De"Via Mural 2013
What is De'VIA?
Deaf View/Image Art, also known as De’VIA, is art that examines and expresses the Deaf Experience from a cultural, linguistic, and intersectional point of view.
The 4 Elements of De’VIA:
De Deaf & Deaf-Blind Expression of Affirmation, Resistance, and Liberation
V View of how Deaf & Deaf-Blind experience the world
I Images/Motifs/Symbols of the Deaf Experience
A Art, Activism, Aesthetics, and Authentic Expressions of the Deaf Experience
Deaf people often are naturally drawn to art as a visual means of communication. Despite the storied history of Deaf Artist, it was not until 1989 that a term was coined for this genre: Deaf View/Image Art, or De’VIA.
In 1989, Paul Johnson and Betty G. Miller formed a four day workshop for Deaf artists to explore works about the Deaf perspective. Nine visual artists came together: painter Chuck Baird, art historian Deborah (Sonnenstrahl) Blumenson, fiber artist Nancy Creighton, video artist Lai-Yok Ho, Fiber artist Sandi Inches-Vasnick, sculptor Paul Johnson, painter Betty Miller, painter Alex Wilhite and sculptor Guy Wonder.
It was at this gathering that they devised the term De’VIA (sign: DEAF-look-at-palm-ART). French in appearance as a nod to Laurent Clerc and ASL’s French origins, they created a manifesto that described De’VIA and a mural to accompany it. The group’s historical work was unveiled at the international Deaf Way Festival that following summer.
Chuck Baird, one of the nine signatories of the De’VIA manifesto and a much beloved De’VIA artist, constantly encouraged emerging De’VIA Deaf artists. It was his wish to explore and represent the Deaf Experience visually for all to see, feel, know and love.
Chuck Baird was born deaf in Kansas City and along with his three older sisters, went to the Kansas School for the Deaf. Baird graduated from KSD in 1967 and attended Gallaudet University for two years. He then attended Rochester Institute of Technology’s National Technical Institute for the Deaf and received his bachelor’s degree in Studio Painting in 1974. In addition to his artwork, he was renowned as an actor and ASL storyteller. He performed as an actor with the National Theatre of the Deaf from 1980-1990.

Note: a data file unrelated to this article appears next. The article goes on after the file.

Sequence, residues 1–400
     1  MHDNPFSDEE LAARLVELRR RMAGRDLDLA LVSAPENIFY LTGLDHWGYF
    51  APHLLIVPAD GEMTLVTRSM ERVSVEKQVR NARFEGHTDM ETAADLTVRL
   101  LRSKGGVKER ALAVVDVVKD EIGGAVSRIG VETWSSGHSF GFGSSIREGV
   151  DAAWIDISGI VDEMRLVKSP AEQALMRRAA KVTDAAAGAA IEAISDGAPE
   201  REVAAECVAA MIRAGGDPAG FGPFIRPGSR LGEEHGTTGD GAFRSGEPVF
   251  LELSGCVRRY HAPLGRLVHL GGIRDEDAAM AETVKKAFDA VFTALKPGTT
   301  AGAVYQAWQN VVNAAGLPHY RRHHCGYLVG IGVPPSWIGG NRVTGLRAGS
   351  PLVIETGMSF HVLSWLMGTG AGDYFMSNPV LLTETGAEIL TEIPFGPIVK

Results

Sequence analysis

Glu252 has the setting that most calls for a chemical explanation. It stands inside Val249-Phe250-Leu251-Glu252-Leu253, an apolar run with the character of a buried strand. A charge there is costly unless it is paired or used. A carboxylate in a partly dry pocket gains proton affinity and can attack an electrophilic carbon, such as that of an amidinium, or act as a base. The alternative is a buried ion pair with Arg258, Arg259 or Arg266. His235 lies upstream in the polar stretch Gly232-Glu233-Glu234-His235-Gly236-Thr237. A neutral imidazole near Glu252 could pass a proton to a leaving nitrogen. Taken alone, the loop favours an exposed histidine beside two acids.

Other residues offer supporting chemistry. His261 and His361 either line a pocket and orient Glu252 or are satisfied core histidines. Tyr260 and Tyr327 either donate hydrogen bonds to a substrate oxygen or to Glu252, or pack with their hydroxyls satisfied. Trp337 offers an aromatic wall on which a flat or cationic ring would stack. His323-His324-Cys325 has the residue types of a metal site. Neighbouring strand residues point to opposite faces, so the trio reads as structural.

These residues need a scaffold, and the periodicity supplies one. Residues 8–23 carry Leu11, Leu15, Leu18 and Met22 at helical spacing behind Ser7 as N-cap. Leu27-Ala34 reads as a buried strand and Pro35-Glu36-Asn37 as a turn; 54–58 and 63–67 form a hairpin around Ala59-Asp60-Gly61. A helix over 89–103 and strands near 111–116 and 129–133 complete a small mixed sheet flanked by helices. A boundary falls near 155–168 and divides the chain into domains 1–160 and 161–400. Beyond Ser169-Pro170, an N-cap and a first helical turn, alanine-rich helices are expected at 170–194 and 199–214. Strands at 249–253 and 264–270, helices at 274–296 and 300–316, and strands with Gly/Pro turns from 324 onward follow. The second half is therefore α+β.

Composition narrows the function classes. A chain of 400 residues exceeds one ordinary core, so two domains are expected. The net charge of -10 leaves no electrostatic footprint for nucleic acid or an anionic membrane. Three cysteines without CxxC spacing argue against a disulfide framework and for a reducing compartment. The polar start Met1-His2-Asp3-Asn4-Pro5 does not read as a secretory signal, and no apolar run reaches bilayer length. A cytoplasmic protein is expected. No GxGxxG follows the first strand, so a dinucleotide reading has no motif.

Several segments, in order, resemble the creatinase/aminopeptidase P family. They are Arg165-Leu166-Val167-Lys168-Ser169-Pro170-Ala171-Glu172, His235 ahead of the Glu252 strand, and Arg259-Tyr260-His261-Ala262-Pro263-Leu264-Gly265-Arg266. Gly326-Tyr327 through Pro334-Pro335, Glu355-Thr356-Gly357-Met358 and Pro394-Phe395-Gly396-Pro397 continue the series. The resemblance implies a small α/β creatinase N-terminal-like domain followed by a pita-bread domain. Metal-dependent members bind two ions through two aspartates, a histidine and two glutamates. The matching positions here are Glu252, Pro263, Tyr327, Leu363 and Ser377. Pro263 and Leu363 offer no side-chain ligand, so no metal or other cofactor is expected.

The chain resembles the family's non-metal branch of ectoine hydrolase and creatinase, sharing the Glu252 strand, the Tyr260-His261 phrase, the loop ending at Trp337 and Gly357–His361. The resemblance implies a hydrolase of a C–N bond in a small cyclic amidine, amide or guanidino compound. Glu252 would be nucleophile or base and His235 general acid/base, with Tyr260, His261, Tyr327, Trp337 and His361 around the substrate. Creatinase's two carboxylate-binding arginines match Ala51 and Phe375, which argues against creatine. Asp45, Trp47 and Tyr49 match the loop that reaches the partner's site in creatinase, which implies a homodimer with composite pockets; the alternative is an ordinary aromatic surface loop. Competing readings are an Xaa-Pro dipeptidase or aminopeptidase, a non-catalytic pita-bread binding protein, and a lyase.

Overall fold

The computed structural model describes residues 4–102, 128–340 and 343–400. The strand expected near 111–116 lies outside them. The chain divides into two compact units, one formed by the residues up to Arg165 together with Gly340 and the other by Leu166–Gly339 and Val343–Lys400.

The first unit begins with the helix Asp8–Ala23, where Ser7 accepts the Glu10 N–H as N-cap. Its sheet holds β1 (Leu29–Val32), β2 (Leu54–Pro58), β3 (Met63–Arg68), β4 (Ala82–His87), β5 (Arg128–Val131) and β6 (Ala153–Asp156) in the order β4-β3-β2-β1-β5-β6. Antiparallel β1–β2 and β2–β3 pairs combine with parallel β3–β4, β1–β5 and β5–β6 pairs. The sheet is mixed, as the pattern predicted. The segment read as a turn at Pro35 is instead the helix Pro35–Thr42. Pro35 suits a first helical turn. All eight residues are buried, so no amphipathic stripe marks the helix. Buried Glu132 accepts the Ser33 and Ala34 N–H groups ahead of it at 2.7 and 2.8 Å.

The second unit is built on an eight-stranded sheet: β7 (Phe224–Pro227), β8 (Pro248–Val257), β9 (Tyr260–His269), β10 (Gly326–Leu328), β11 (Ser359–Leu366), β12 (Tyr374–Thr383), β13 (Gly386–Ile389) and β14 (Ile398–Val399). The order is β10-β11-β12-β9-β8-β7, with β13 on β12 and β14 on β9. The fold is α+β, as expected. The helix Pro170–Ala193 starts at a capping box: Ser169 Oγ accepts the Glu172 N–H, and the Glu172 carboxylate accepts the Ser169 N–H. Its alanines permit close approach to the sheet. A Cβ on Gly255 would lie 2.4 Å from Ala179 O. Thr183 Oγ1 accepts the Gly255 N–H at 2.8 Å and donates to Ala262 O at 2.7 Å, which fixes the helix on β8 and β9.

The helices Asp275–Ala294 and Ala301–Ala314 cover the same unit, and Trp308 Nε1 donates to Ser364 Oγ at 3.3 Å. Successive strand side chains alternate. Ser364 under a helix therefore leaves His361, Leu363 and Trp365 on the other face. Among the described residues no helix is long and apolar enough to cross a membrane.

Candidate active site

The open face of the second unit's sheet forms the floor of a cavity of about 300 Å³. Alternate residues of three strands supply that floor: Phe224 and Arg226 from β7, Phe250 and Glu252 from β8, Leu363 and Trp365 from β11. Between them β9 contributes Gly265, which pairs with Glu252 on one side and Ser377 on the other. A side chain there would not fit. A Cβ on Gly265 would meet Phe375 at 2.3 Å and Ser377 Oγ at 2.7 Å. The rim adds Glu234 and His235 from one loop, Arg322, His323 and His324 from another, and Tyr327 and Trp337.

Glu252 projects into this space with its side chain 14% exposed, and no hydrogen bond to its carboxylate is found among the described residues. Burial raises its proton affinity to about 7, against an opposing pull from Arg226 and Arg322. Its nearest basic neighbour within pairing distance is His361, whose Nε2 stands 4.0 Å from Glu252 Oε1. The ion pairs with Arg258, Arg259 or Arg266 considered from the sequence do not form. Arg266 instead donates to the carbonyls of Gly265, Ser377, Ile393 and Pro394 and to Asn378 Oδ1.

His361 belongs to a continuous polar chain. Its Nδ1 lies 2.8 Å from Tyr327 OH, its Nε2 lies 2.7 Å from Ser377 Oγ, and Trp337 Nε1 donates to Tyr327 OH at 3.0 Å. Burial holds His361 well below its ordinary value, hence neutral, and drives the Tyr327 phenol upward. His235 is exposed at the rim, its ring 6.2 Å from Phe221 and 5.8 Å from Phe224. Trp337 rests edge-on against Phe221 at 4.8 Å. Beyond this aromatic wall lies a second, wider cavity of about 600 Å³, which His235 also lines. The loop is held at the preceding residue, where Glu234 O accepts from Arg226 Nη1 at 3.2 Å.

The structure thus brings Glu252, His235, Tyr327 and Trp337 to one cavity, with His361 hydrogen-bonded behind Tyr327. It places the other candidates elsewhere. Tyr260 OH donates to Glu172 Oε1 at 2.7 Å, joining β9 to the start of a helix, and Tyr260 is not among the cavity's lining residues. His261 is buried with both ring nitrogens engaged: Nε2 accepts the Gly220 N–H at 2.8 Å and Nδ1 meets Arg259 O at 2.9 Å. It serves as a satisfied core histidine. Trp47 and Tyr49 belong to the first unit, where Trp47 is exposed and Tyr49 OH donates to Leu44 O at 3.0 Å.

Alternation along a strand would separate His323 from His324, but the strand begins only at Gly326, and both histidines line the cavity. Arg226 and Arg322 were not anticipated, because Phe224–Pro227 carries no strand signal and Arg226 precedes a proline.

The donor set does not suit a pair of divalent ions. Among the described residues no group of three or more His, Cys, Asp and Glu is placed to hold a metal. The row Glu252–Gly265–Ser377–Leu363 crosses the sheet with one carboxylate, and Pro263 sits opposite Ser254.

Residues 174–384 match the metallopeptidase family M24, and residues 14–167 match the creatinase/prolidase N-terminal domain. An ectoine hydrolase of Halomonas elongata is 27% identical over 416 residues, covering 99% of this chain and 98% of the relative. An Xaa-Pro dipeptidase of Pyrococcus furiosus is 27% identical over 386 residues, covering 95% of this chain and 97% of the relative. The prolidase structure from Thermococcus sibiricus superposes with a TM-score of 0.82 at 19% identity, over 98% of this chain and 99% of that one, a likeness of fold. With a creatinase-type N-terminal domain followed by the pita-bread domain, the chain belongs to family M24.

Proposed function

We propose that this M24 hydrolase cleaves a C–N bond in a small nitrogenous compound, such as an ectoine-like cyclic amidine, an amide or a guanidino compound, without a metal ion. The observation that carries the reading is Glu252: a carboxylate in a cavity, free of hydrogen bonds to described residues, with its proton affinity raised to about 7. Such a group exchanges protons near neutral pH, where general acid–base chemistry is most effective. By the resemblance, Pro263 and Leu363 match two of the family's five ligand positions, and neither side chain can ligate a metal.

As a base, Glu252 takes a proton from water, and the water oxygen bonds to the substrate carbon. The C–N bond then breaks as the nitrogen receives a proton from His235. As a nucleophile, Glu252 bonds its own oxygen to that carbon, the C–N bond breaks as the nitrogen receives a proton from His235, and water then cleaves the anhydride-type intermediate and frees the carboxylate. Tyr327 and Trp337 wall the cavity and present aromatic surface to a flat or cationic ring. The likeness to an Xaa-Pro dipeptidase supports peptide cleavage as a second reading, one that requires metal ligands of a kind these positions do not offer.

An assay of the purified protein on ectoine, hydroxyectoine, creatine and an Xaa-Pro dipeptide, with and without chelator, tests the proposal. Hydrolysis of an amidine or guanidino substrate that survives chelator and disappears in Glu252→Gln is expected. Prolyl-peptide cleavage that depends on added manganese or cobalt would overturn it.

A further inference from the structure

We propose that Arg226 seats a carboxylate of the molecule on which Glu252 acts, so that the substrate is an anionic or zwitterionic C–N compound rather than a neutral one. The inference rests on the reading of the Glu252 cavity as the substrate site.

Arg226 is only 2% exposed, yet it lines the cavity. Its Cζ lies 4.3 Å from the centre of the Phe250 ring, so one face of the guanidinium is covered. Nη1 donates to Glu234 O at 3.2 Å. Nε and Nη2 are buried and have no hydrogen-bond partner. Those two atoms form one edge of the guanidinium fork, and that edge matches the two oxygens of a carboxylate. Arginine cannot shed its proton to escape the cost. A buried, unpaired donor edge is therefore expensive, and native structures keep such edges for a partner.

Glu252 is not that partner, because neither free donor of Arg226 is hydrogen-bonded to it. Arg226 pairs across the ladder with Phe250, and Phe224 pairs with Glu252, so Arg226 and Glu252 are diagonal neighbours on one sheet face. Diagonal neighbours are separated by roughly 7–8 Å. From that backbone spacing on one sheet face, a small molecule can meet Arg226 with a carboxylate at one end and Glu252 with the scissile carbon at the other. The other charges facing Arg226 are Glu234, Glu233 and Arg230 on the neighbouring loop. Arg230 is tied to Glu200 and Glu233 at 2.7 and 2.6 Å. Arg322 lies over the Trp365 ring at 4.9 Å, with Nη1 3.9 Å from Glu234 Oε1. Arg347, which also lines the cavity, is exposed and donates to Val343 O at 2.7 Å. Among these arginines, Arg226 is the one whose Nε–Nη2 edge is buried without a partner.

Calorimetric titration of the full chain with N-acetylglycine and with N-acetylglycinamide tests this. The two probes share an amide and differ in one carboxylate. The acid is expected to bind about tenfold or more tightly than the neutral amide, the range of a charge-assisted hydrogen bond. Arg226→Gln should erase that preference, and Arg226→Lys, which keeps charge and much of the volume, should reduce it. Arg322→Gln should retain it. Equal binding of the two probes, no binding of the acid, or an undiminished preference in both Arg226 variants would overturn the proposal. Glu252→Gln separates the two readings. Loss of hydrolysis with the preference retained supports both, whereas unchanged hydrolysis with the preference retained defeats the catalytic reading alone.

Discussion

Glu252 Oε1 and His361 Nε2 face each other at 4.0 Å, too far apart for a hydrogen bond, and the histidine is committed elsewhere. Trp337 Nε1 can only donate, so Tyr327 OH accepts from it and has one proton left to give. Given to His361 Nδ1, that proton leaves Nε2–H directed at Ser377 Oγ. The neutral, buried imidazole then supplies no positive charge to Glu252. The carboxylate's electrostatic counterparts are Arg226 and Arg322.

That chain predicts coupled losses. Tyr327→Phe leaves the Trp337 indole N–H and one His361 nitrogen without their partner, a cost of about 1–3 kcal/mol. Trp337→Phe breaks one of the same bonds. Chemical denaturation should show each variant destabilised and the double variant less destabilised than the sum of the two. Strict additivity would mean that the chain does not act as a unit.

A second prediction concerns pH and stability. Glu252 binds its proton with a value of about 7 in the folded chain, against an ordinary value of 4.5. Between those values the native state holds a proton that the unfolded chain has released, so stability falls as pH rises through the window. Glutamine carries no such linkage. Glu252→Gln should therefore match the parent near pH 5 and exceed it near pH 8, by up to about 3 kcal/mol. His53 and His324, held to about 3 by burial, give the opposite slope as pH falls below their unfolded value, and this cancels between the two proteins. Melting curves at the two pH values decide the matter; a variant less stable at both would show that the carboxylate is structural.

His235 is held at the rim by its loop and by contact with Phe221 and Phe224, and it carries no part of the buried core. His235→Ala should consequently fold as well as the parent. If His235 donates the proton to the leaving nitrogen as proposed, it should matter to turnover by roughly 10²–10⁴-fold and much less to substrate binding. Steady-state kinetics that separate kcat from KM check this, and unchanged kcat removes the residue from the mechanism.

Chuck Baird Foundation for the Visual Arts
Chuck Baird, A Signatory of De'VIA
The Museum of Deaf History, Arts & Culture® is proud to share that the Chuck Baird Foundation for the Visual Arts is housed under the direction of Museum of Deaf History, Arts & Culture®.
Deaf View/Image Art
For more info about De'Via/Deaf Art, visit the following websites:
The gallery below shows a few pieces of De’VIA art on display at The Museum of Deaf History, Arts & Culture®:
Not all art by Deaf artists are considered De’VIA. The world is filled with talented Deaf artists.
Here are a few photographs of pieces we have on display at the Museum of Deaf History, Arts & Culture®.
2019 Youth De'VIA Competition
2019 Youth De'VIA Competition was hosted by Kansas School for the Deaf and the Museum of Deaf History, Arts and Culture.
Deaf students from twelve schools across the United States submitted a total 598 pieces of artwork for the 2019 Youth De'VIA Competition this spring.
Congratulations to all of the winners. Each of them received a certificate of recognition and a gift.
Click on the link below for more information on the competition as well as a list of winners with pictures of each of the winning pieces of artwork.
De'VIA Artists' Motif Statements available in PDF
The Museum of Deaf History, Arts & Culture® was proud to have had the opportunity to partner with the Nelson-Atkins Museum in bringing De'VIA Challenge to the general public as a part of the 2016 Annual Deaf Cultural Month Celebration! The De'VIA Challenge remained on display for the entire month of September 2016 in the Ford Learning Center of NAMA.
This would not have been possible without the contributions of the following De'VIA Central Artists, for allowing replications of their artwork to be displayed:
Amy Cohen Efron
Diane A. Squires